Sunday , May 19 2024
Or: what to expect when you're expecting a good movie.

Movie Review: What to Expect When You’re Expecting

When one film becomes an unfortunate runaway success (Movie Review: Valentine’s Day (2010)), it’s inevitable that more will follow. While so far, only New Year’s Eve has come about from Gary Marshall & Company, it appears that some other writers have decided that they make for a good template. Take a bunch of celebrities, throw them into intertwining storylines, drown the audience in a wallowing of the easiest jokes imaginable, and voilà! While the website funnyordie managed to come up with the be-all end-all of parodies, Hollywood looks to cash in on this new formula with the inexplicable adaptation of Heidi Murkoff’s bestselling What to Expect When You’re Expecting.

Starting off with the introduction of Jules (Cameron Diaz) and Evan (Matthew Morrison) on a celebrity dance show, Jules of course mentions she doesn’t feel well before their routine, which of course leads to her throwing up in their first-place trophy. Holly (Jennifer Lopez) and Alex (Rodrigo Santoro) can’t have a child of their own, which is okay with Alex, but Holly is pushing for them to adopt. Wendy (Elizabeth Banks) and Gary (Ben Falcone) have decided to give up trying after two years, only to finally conceive the same time as Gary’s father, Ramsey (Dennis Quaid) and Skyler (Brooklyn Decker) announce they’re expecting as well. Meanwhile, Rosie (Anna Kendrick) and Marco (Chace Crawford), meet-cute five years after he stood her up at their high school prom and wind up knocking boots on the hood of Wendy and Gary’s car, causing even them to conceive.

The rest of the movie consists of obligatory scenes and montages as the runtime crawls along to their due dates and the film turns into a pseudo-Lord of the Rings as it just piles on one false ending after another. While at first I didn’t have too low of expectations, seeing how the film came from a reasonable director, Kirk Jones (Waking Ned Divine), and proven screenwriters, Shauna Cross (Whip It) and Heather Hach (Freaky Friday), everything that could go wrong, does. It makes you wonder just how much improvisation may have happened on the set of Whip It, or if all of the fun behind Freaky Friday really came solely from Leslie Dixon’s side of the page.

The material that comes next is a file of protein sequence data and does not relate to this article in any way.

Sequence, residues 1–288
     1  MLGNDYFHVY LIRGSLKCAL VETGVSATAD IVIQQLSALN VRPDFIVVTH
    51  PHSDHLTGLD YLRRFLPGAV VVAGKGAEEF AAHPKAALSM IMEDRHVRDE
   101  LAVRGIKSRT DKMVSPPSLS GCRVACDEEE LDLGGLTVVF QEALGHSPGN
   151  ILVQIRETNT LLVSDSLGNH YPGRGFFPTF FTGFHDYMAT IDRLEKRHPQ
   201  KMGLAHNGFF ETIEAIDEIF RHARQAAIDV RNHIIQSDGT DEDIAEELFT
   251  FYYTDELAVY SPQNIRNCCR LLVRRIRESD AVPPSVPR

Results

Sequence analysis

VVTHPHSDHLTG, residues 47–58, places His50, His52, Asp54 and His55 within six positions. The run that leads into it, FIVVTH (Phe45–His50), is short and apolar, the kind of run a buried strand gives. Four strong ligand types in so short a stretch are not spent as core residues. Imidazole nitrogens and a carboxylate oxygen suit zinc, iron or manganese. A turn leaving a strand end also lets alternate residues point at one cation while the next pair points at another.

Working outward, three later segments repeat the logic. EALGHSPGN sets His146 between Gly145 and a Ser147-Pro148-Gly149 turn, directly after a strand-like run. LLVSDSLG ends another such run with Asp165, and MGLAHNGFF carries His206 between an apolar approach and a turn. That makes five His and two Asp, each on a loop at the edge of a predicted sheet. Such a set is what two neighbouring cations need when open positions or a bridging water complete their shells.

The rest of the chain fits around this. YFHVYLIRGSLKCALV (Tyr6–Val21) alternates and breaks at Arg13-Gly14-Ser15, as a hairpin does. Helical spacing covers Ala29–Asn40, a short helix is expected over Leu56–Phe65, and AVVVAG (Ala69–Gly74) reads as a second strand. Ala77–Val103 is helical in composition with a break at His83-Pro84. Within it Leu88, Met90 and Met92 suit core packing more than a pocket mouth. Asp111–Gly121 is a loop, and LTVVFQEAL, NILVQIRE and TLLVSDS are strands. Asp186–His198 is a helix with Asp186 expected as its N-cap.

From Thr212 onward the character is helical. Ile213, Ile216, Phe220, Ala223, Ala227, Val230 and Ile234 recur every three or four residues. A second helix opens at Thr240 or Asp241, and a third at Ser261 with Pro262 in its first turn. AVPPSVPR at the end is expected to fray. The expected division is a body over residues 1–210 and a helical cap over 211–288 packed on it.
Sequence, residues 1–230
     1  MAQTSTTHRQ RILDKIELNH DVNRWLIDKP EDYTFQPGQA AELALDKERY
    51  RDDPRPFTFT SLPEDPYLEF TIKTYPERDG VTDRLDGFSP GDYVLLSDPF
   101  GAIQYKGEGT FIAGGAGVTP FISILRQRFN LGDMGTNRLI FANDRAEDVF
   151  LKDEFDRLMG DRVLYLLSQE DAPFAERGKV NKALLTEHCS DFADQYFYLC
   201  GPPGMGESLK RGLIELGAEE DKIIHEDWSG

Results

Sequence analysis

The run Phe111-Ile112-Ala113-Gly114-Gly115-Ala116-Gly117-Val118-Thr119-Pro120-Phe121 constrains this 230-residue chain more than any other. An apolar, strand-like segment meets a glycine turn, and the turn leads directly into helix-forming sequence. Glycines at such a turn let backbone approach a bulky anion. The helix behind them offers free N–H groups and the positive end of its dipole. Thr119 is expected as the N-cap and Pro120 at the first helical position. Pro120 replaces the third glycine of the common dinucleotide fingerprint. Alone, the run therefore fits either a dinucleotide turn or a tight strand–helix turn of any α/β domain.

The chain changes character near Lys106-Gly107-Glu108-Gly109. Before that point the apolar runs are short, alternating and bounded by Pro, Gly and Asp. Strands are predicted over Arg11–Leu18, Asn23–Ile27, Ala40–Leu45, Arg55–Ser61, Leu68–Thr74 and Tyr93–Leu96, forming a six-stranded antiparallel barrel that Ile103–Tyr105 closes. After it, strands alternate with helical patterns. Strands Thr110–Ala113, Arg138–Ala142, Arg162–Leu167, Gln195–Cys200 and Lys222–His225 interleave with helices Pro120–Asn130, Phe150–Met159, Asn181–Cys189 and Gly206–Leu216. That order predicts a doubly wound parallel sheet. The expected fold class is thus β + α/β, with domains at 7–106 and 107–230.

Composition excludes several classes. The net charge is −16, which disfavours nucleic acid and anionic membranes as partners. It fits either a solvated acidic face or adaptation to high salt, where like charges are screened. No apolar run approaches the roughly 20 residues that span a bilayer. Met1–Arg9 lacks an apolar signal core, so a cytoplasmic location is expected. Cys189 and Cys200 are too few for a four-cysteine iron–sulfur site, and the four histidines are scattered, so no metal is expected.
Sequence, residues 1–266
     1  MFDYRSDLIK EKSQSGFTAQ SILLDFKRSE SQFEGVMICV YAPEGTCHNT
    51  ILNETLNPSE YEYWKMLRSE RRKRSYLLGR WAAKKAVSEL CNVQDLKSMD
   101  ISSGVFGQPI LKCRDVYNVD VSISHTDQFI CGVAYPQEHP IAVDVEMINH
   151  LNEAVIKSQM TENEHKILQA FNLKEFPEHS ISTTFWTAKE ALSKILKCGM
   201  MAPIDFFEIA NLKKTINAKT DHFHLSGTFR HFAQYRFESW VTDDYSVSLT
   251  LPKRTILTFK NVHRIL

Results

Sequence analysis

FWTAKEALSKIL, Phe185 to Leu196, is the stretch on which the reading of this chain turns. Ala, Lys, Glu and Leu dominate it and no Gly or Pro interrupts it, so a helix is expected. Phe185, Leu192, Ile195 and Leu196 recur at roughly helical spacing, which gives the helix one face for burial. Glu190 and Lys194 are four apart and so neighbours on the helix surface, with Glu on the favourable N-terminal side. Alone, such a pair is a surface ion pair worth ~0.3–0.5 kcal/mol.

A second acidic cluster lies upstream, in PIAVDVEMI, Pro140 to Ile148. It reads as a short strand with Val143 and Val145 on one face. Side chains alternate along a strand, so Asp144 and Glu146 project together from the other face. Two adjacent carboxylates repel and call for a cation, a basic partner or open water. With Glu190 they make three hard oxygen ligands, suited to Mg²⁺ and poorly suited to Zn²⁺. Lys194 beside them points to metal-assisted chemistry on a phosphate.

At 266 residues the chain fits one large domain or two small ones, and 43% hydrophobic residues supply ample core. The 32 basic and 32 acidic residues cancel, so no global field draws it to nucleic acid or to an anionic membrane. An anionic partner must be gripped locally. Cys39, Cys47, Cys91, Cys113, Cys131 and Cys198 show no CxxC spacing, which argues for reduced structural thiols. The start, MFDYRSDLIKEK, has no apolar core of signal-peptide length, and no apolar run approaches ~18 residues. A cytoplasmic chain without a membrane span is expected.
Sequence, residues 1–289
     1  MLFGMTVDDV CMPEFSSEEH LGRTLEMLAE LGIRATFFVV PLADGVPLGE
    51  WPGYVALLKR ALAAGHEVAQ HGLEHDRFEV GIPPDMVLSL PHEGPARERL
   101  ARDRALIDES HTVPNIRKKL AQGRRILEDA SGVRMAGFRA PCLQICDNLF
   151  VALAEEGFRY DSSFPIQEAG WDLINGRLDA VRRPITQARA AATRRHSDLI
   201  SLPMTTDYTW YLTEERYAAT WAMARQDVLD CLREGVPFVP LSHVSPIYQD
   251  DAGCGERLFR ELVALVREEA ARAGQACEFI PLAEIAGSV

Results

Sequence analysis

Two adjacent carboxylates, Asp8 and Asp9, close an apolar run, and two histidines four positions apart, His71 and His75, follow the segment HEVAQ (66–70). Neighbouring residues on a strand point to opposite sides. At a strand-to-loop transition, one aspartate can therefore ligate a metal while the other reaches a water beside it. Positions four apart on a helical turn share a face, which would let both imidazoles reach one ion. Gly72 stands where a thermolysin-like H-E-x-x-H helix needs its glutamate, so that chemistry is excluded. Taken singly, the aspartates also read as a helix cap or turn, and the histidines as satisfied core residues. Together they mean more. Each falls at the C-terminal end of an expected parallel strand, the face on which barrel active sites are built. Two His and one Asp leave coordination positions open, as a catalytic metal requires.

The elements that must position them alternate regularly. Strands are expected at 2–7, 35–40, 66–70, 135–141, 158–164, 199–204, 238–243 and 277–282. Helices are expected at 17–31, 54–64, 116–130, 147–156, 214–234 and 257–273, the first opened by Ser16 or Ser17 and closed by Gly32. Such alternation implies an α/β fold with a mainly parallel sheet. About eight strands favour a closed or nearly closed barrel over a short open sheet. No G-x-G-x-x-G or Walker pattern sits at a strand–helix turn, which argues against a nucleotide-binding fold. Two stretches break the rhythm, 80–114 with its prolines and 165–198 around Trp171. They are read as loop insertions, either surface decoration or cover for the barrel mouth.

Either way, the cast is directed to overact every chance they get; and while I know the film is a comedy, there’s more truth behind the experience in Knocked Up and emotional impact to birthing in the opening scene of J.J. Abrams’ Star Trek. The saving grace (if you can call it that) winds up being a group of dads who meet up at a park for walkabouts featuring Chris Rock, Rob Huebel, Thomas Lennon, Amir Talai, and Joe Manganiello whom they live vicariously through as he’s single and always off on some adventure featuring skinny chicks with huge racks. If the film had simply been these scenes, it not only would have been spectacularly shorter, but way funnier as well.

My biggest fear now is that the film will make enough money to warrant an even more unnecessary sequel than this film is. It doesn’t help that the source book is part of a series. Or that it will spawn a whole new series of films based on self-help books bringing us next something like what my wife mentioned, Zen and the Art of Motorcycle Maintenance. But, of course, if this happens, maybe I can at least look forward to a story credit for granting Hollywood another abominable idea. I’m sure What to Expect When You’re Expecting is meant to be released this weekend as counterprogramming to The Avengers, but where that film was good fun for everyone, this film is no fun for anyone.

Photos courtesy Lionsgate

About Cinenerd

A Utah based writer, born and raised in Salt Lake City, UT for better and worse. Cinenerd has had an obsession with film his entire life, finally able to write about them since 2009, and the only thing he loves more are his wife and their two wiener dogs (Beatrix Kiddo and Pixar Animation). He is accredited with the Sundance Film Festival and a member of the Utah Film Critics Association.

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